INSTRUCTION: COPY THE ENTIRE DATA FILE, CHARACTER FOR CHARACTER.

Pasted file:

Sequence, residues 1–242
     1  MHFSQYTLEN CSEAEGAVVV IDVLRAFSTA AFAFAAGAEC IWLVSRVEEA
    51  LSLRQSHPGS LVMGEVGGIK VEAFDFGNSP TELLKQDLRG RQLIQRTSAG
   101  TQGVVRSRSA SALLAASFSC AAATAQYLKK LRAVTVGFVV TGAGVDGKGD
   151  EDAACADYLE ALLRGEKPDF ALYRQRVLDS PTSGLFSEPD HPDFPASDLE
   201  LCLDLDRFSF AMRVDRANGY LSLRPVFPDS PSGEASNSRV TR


Sequence, residues 1–242
     1  MHFSQYTLEN CSEAEGAVVV IDVLRAFSTA AFAFAAGAEC IWLVSRVEEA
    51  LSLRQSHPGS LVMGEVGGIK VEAFDFGNSP TELLKQDLRG RQLIQRTSAG
   101  TQGVVRSRSA SALLAASFSC AAATAQYLKK LRAVTVGFVV TGAGVDGKGD
   151  EDAACADYLE ALLRGEKPDF ALYRQRVLDS PTSGLFSEPD HPDFPASDLE
   201  LCLDLDRFSF AMRVDRANGY LSLRPVFPDS PSGEASNSRV TR